So with Scorsese’s The Irishman attracting universal acclaim there’s been much made about the technicalities of deaging DeNiro.
It was the one major crucial issue that remained before the film could be financed. The main actors were going to portray their characters for a significant portion of the action as their younger selves. Each of these actors was seventy-something. How could this be possible? “The first time I talked to Marty about the movie we discussed how difficult it would be to make an actor look 20 or 30 years younger,” says Pablo Helman, visual effects supervisor at Industrial Light & Magic (ILM) about deaging DeNiro. “Marty was concerned because he wanted to make the film but wasn’t sure he could do it. No doubt, the fact of the actors having to play themselves younger was an obstacle. We talked about if it was possible to develop a technology that could accomplish that, make them look younger. “We were in Taiwan shooting Silence and he gave me the script. I read it overnight. I was very excited. ‘I’m in,’ I said. ‘Let’s make Bob De Niro 30 years younger, make him look just like he did in Goodfellas. Let’s do a test.”
The director had reservations. Helman says, “Marty said to me, ‘One thing I know for sure. Bob’s an actor’s actor. Pacino and Pesci as well. They’re not going to wear a helmet with two little cameras and markers all over their faces for something like motion capture to make him look like his younger self.’ “I understood. I took a breath and said, ‘We’ll develop the technology, a new technology. What we came up with is something that has never been used before. The actor does not have to wear a helmet or any kind of markers.” The camera system and companion software system that ILM developed captured actors’ facial performances on set among other actors, without helmet-mounted cameras or 9 visible tracking markers — and translated those unaltered performances to full 3D computer-generated versions of the actors’ younger selves effectively deaging DeNiro
The complexity of the filming in terms of the ‘deaging DeNiro’ process became ultra-clear on Pacino’s first day. The scene depicts Pacino as Hoffa while he and his family are watching the Kennedys, who he despises, win the presidential election. “Al’s line was, ‘I can’t watch this’,” Scorsese says. “And he gets up from the chair as a man his age would and walks away when we realized Hoffa was 49 at the time and would move differently from a man in his 70s which is as Al did it.” The filmmakers were prepared for the situation. Production had hired Gary Tacon, a physical therapist, as the movement analyst. His job was to work on movements with actors when they played their younger selves. A quick session with Pacino was all that was needed. They did the scene again with the star moving from the chair with more energy and pep the way a younger man would.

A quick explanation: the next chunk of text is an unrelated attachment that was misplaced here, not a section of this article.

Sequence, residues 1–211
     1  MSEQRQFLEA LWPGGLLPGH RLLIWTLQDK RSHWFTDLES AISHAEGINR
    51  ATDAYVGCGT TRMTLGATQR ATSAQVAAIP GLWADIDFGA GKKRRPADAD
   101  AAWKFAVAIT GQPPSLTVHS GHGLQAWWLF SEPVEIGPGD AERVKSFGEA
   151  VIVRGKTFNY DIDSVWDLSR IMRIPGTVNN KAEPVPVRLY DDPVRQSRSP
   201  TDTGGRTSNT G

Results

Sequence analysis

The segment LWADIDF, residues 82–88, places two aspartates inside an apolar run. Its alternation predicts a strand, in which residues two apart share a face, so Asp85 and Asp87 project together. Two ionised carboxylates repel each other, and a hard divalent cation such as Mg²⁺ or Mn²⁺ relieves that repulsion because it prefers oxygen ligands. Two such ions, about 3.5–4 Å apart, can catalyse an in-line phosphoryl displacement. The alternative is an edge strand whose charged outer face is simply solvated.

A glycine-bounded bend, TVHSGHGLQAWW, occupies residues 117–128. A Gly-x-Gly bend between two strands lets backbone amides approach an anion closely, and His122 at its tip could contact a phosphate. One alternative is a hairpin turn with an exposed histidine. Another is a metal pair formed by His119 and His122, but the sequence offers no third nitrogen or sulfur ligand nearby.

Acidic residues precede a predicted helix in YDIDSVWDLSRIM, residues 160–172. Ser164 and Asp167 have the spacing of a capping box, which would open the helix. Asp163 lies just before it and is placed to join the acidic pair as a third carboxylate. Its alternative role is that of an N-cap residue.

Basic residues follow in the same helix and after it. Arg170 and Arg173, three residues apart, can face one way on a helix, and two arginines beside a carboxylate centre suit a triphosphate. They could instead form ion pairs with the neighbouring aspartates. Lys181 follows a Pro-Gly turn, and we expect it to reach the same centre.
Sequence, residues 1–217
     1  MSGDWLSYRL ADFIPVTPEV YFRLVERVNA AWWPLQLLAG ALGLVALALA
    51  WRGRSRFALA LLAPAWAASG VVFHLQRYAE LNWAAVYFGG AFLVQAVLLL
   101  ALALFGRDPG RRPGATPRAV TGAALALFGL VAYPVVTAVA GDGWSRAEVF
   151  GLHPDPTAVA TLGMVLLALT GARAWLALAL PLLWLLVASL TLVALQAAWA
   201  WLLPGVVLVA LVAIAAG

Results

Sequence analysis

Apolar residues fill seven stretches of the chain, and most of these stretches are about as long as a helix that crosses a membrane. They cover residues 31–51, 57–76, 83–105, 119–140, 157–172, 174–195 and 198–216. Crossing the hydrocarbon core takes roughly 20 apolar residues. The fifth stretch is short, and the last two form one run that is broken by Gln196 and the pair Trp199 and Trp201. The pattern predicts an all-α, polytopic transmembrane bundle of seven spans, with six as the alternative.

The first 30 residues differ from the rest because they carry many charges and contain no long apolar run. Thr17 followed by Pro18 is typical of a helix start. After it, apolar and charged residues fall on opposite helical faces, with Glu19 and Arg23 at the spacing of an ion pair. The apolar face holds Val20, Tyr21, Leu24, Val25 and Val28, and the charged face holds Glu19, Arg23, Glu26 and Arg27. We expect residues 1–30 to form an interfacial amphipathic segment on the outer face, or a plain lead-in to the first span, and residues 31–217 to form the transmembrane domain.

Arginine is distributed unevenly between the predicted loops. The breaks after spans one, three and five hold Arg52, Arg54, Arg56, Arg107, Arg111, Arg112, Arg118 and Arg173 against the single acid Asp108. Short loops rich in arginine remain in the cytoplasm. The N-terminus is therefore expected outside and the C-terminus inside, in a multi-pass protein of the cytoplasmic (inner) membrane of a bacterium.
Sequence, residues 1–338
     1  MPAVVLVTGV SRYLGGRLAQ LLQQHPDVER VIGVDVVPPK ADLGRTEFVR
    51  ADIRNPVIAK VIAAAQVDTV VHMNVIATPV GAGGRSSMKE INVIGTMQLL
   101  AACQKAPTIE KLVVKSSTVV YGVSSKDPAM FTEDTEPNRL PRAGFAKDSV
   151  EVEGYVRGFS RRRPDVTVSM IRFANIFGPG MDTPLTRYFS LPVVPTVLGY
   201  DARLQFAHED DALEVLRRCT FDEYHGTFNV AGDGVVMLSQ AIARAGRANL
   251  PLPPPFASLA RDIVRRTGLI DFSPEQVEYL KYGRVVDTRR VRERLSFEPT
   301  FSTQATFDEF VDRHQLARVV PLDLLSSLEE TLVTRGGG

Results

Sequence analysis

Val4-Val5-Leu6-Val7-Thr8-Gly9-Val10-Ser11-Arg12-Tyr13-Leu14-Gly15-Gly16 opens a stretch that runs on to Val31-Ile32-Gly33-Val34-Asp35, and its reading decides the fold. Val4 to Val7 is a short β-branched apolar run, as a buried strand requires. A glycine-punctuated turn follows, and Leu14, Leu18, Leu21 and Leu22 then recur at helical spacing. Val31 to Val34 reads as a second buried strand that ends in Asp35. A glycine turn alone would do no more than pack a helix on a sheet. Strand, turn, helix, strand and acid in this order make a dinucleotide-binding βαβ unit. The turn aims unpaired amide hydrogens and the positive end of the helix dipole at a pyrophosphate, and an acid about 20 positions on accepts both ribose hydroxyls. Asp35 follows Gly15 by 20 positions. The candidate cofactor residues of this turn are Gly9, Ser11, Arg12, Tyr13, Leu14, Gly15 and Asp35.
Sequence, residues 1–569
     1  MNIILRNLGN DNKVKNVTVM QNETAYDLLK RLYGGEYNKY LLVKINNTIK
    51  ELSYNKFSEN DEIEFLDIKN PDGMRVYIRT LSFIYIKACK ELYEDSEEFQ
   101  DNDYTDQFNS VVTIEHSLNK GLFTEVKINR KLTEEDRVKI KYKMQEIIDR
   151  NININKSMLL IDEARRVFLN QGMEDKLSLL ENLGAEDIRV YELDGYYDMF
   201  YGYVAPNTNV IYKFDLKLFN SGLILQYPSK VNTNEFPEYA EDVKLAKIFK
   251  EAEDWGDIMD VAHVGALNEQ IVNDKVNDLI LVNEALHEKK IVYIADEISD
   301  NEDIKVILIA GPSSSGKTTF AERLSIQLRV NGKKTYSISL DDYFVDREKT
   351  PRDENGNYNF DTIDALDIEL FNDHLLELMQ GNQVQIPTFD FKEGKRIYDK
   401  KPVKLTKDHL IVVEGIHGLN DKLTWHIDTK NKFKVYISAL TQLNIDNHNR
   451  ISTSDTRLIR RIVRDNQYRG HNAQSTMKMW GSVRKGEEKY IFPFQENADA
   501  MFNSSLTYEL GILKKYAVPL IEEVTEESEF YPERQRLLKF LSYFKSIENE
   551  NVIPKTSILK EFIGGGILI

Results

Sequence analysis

De Niro says, “There was a scene I did where I was rushing down the stairs and run into Ray Romano. I went down the steps as I would normally. Gary came over and said, ‘You’re not even fifty here. You’ve got to move a little more spryly, you know, like a young guy. ‘ De Niro adds, “It’s easy to forget sometimes you’re playing young.” Scorsese would remind his cast, “Your whole body has to act. It’s extraordinary. The whole body needs to be engaged.”
On the other hand, Pacino recalled a scene which he was so deeply in the moment that his natural adrenaline kicked in and he moved with speed and force of a man in his prime. “It’s like the old lady who jumps up and runs when someone calls fire,” Pacino says. “It was the scene after the Kennedy Assassination and flag on the Teamster building has been lowered to half-mast. Standing on the steps leading up to the building, and Hoffa’s so enraged when he realizes the flag been lowered that without thinking he runs up the steps to the roof and hoists the flag full mast.” “I just ran with tremendous energy. To this day I don’t know where that energy came from, perhaps because it was really cold out?”
The greatest task in the film was coping with the scenes in which the characters would be photographed with the so-called three-headed monster and eventually deaging DeNiro through visual effects. “The VFX de-aging DeNiro techniques ILM developed for the film are quite ground breaking. It required a lot of research and development on the part of the camera team to ensure we could deliver what they needed and allowing Marty to move the camera in any way he wanted. It was a tremendous job but in the end it worked so that the transitions from the scenes where the actors had to be de-aged by VFX and the later decades where there was no VFX work on them was seamless.”
Filming wrapped March 5, 2018 and after 107 days it was Scorsese’s longest ever shoot and the deaging DeNiro process began in earnest but there were further concerns as outlined here. With the film now out the flitting back and for through the decades it appears seamless and is one aspect of The Irishman that is likely to figure in awards season.